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  • Advice needed

    I am working on a project that I would like to dress up a bit. I have never done jeweling on aluminum (also known incorrectly as engine turning). I want to apply this finish to aluminum and have tried several different approaches. I tried a hardwood dowel with fine abrasive. I tried a pencil eraser. I tried a turned teflon dowel with fine abrasive embedded in it. None of these approaches worked satisfactorily.

    The aluminum is soft and picks up the slightest extra piece of grit and leaves a nasty mark in the pattern.

    Free software for calculating bolt circles and similar: Click Here

  • #2
    Two things come to mind. One is to try a small wire brush (the size you would use in a Dremel). The second comes from Brownell's gunsmithing supply. They sell small abrasive brushes that are used to jewel rifle bolts. Usual disclaimers.

    Hope this helps.

    "The truth is incontrovertible, malice may attack it, ignorance may deride it, but in the end; there it is." Winston Churchill


    • #3
      How about a round metal brush such as the McMaster-Carr item # 7273T22 on page 2505.

      You could cut the handle off, and chuck the round piece which holds the stainless steel wire bristles.

      If that's too stiff, you might try something like the 3/8" diameter pencil style brush with 0.003" brass bristles, item # 7248T17 on page 2504.

      I'm thinkng the brush would be less likely to trap a piece which would gouge the aluminum you're working on.


      Drat--I hate it when I forget to check back before hitting the submit button.

      [This message has been edited by winchman (edited 01-03-2004).]
      Any products mentioned in my posts have been endorsed by their manufacturer.


      • #4

        I seem to remember reading that using a small disc of hard felt works well, probably glued to a stiff backing plate.

        An alternative might be one of the round sticks of bundles of glass fibres, used for polishing aluminium.

        All of the gear, no idea...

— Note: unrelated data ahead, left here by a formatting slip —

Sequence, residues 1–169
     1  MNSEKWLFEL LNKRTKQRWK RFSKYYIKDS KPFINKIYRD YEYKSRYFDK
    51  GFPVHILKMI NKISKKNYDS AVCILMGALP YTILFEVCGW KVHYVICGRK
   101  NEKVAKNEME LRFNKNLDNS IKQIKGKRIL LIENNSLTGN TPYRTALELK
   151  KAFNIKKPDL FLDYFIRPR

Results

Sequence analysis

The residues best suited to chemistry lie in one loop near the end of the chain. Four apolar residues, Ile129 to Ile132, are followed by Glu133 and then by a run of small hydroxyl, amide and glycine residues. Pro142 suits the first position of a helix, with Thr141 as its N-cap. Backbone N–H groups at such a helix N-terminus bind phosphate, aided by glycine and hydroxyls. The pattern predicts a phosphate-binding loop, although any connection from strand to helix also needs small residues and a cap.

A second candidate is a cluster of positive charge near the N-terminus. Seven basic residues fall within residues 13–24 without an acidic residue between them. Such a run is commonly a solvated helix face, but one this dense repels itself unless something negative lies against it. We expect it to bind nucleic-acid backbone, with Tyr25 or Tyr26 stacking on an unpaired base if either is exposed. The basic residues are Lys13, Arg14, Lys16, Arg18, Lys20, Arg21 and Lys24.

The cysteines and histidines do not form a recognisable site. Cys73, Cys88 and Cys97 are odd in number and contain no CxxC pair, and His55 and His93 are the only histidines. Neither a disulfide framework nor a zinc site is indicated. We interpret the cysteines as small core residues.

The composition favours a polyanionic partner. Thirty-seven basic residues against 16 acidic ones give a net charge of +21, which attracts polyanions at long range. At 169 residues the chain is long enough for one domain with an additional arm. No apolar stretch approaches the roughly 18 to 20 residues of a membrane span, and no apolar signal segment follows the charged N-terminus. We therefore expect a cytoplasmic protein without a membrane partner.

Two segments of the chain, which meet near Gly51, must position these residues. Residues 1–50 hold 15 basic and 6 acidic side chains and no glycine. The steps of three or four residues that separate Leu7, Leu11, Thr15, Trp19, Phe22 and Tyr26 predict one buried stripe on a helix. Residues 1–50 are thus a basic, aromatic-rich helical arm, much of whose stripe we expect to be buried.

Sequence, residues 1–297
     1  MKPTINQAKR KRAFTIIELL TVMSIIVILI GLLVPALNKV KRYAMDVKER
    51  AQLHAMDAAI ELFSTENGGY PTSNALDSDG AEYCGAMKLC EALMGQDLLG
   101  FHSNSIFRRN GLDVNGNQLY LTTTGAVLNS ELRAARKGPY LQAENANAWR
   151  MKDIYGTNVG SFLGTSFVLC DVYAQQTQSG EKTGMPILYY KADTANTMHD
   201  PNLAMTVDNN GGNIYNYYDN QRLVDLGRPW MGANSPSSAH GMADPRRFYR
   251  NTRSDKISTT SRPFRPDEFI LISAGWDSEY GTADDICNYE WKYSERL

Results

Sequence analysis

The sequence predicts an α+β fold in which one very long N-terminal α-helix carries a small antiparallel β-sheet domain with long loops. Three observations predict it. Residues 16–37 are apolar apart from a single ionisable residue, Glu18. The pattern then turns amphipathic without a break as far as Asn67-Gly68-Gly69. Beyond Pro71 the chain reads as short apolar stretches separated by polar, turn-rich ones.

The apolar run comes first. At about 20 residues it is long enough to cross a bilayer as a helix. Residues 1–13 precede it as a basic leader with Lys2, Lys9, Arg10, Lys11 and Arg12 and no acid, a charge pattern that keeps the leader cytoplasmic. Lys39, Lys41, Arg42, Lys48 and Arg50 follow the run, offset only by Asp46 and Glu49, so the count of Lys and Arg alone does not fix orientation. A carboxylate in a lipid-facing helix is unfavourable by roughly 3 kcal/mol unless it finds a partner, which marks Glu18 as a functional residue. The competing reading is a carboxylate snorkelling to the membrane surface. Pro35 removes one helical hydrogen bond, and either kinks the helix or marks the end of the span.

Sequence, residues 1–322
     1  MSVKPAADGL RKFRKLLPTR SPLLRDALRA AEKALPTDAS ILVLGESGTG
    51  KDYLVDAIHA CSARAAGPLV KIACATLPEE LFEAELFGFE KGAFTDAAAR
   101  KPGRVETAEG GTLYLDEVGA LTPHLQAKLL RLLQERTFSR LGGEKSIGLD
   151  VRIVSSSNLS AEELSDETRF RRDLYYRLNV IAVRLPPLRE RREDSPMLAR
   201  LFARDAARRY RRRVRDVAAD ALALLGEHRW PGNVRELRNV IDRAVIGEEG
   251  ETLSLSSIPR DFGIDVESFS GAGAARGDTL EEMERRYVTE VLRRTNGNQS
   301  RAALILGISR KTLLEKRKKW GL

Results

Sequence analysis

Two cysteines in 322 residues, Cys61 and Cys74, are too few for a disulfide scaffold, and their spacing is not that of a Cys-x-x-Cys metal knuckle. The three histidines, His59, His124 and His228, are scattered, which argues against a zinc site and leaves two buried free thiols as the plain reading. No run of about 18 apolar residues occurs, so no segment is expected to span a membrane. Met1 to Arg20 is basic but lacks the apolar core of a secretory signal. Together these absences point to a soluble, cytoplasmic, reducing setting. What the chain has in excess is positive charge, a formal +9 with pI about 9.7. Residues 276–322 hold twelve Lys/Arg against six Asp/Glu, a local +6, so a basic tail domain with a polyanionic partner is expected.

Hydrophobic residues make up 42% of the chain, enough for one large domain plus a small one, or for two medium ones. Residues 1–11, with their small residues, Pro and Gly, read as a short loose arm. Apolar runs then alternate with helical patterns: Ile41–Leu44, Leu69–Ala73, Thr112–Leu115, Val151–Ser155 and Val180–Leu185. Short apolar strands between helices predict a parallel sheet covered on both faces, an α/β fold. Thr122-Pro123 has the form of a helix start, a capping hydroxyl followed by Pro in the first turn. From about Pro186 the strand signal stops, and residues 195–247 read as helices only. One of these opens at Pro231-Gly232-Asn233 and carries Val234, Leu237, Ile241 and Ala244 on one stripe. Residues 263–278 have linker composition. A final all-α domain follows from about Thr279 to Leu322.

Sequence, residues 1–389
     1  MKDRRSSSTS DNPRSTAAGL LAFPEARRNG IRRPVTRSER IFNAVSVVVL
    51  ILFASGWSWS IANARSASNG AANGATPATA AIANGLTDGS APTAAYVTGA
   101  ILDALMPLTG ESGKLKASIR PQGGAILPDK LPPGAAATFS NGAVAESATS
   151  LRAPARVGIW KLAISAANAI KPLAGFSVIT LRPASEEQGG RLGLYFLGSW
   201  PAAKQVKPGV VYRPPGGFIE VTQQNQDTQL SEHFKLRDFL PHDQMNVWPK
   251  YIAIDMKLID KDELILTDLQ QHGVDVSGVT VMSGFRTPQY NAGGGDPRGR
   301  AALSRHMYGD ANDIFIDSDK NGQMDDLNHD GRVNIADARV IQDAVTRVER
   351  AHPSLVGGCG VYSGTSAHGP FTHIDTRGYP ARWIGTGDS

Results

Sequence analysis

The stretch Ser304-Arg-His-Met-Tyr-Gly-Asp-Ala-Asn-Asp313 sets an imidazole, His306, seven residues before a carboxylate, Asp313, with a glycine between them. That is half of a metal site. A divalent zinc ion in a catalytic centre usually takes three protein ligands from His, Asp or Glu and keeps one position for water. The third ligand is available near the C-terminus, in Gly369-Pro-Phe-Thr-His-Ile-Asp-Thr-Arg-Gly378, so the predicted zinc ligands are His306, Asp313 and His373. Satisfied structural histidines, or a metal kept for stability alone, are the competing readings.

• #5
          On the studebaker dash I built. I rolled a roll of emery cloth or sandpaper around a nail, rolled very tightly. (not too long or it will fold, just 1" or so out of chuck) Pulled the nail out, Chucked it tightly in the drill press chuck. Sanded with the end of the roll.

          I took a long ruler and made a 1/2" crosshatch and applied the running sandpaper roll to each cross hairs.

          Problem is, was, it holds grit, and if you stay in one place too long it burns a color. Aluminum is much harder to do then stainless. MY custom harley dash was so bright it hurt to ride it in the sunlight.

          I have saw very large damascene made with a buffer and rouge. it had a 4 inch wheel. He did a cresent type damascene instead of the round Jeweling I am accustomed to.

          I powdercoated the dash clear. The old guy who ended up with the truck has redone it again. I saw it at a show recently.

          tooth paste/rouge and wooden dowels work but is slow. If all else fails use Eastwoods kit.


          [This message has been edited by ibewgypsie (edited 01-03-2004).]


          • #6
            The old style abrasive type pencil eraser will do a good job. The key is in the way you apply it to the workpiece. Do not allow contact for more than a split second for each mark. A manual drill press works good as you can just bump the workpiece with the abrasive. With just a little practice you can achieve a great finish. Be sure to set up a method for accurate indexing to achieve a uniform pattern.
            Many tool supply houses sell abrasive sticks which work really well. Just pick the correct grit. I would suggest an 80 grit for aluminum.


            • #7
              Evan, would a Cratex cylindrical point work? Seems as though it Would. I've messed around with damascening (sp?) using cratex with fair results.

              John B
              John B


              • #8
                Evan, if you try the Cratex rubberized abrasives let us know how they work. (page 569 in the KBC tools catalogue)